Thank you for publishing Dan Charles’ hymn to the life of Nelson Good (“Everything He Touched Turned to Community,” December 2005). I’m one of those people who benefited from the “expanding circles” of Nelson’s life. I never met the man, but I loved someone who loved him, and thus was privileged to read Betty Good’s e-mail epistles about life in the midst of dying and grief. One was aptly titled “Abrupt Grace.” It offered deep wisdom about living and leaving a good life.

Linda Monk
Mount Vernon, Virginia

Mirabai Starr 11-01-2004

Spiritual leaders gently guide bereaved souls through the holy land of grief and loss.

Richard Rohr 01-01-2002
Alzbeta / Shutterstock

Alzbeta / Shutterstock

editor's note: This article was first published in the January-Febuary 2002 issue, only months after the attacks on September 11, 2001.

 

"They sat there on the ground beside him for seven days and seven nights. To Job they never spoke a word, so sad a sight he made." —Job 2:13

IN RECENT STUDIES of initiation rites, which seem to have been strategic for human survival in most of human history, I have discovered from Victor Turner the concept of "liminal space." He says that it is very hard to come by in the modern and now post-modern world. We are now too strategic, functional, and hurried to easily seek what the ancients sought above all else. Only pain is now strong enough to lead us into this unique place "where all significant transformation happens."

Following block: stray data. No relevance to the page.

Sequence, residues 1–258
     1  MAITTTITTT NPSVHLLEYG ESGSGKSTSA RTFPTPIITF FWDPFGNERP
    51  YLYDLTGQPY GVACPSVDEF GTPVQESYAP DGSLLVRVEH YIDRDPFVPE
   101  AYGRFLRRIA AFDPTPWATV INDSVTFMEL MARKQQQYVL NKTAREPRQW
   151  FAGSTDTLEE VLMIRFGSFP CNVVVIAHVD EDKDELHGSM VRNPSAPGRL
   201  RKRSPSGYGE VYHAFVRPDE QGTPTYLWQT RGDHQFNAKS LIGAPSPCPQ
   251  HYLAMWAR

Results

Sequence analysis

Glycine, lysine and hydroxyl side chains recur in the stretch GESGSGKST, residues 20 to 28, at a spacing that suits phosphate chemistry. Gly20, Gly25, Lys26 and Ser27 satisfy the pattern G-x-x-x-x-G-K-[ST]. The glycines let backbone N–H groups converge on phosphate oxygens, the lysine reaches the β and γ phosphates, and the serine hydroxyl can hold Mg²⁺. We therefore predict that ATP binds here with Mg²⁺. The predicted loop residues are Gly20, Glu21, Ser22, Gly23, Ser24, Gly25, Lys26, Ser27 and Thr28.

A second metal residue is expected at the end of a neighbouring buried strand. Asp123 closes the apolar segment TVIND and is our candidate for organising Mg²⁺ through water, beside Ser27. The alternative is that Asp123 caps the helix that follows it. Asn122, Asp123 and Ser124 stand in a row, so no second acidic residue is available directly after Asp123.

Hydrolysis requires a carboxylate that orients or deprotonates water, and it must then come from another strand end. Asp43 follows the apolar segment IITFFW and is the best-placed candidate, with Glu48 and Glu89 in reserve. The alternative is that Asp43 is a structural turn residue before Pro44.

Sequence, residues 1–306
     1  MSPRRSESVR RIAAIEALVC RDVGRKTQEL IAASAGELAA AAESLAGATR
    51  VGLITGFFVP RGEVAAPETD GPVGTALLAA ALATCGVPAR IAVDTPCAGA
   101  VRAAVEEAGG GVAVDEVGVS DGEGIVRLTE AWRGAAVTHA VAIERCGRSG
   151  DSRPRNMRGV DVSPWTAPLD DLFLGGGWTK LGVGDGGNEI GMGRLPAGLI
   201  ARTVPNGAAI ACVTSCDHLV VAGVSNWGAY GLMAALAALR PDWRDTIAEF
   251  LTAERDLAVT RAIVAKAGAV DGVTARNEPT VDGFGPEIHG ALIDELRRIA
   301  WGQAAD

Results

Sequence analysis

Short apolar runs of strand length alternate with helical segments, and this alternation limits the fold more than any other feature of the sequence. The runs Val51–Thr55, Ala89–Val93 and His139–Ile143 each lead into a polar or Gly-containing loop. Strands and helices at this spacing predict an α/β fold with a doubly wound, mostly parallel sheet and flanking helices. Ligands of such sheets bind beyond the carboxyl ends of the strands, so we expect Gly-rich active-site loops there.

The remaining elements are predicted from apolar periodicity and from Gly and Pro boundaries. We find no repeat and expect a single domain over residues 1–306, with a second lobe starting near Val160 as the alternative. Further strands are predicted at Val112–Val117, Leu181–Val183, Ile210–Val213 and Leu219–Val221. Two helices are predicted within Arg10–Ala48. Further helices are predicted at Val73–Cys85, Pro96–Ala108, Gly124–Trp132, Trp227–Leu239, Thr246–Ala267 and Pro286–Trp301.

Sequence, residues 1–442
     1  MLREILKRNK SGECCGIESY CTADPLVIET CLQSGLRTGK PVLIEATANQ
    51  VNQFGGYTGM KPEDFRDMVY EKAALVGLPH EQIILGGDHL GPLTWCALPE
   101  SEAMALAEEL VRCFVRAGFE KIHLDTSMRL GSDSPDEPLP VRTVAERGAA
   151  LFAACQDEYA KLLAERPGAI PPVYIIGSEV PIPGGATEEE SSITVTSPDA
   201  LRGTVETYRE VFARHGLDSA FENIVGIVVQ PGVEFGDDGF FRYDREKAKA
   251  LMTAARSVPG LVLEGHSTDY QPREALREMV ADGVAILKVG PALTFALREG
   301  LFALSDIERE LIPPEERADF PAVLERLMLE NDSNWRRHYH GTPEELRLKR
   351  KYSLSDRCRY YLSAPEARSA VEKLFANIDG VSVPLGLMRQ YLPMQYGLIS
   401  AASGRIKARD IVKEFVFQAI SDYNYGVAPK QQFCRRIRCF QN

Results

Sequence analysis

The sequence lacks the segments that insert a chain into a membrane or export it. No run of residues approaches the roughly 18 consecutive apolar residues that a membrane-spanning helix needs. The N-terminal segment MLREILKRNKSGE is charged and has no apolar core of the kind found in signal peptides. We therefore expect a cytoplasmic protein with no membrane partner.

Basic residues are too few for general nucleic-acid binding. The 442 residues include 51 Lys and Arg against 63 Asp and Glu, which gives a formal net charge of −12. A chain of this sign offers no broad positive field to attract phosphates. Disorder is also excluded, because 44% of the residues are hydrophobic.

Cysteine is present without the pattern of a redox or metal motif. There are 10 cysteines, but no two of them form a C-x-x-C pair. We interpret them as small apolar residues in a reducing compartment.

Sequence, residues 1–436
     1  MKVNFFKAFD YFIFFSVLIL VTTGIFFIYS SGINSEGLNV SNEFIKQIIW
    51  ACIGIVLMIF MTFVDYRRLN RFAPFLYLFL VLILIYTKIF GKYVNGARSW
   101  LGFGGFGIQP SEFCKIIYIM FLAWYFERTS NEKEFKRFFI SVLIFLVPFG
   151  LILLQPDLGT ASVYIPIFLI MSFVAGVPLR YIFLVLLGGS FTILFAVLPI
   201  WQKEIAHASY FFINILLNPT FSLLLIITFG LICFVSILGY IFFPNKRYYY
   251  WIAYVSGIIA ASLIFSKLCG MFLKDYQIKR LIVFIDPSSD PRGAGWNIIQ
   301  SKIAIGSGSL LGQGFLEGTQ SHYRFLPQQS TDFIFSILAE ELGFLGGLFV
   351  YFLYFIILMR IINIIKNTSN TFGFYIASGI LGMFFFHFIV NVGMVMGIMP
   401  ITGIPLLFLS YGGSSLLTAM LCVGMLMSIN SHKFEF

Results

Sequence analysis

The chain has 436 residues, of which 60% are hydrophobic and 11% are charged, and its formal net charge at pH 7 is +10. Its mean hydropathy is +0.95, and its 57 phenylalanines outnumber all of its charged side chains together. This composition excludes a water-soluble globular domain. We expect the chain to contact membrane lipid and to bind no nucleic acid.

I suspect America is in a unique liminal space [post-Sept. 11]. Our attitudes are numbed, absolute, and strange. The old constituencies are unpredictable and misshapen. There is something new afoot, not only politically but also somehow archetypally and on the level of the psyche and soul. We are tipping on the balance, and usually God is an opportunist in such situations—waiting at the bottom of the slide.

Let me first explain what I mean by liminal or sacred space (I will use the terms almost interchangeably). "Limina" is the Latin word for threshold, the space betwixt and between. Liminal space, therefore, is a unique spiritual position where human beings hate to be but where the biblical God is always leading them. It is when you have left the "tried and true" but have not yet been able to replace it with anything else. It is when you are finally out of the way. It is when you are in between your old comfort zone and any possible new answer. It is no fun. Think of Israel in the desert, Joseph in the pit, Jonah in the belly, the three Marys tending the tomb.

Julie Polter 05-01-2000

But does it have to COST SO MUCH!?

Julie Polter 05-01-2000
The power of ministering to the bereaved.
Pam Fickenscher 01-01-1999

It is often assumed that younger people have no respect for their elders and even less reverence for history.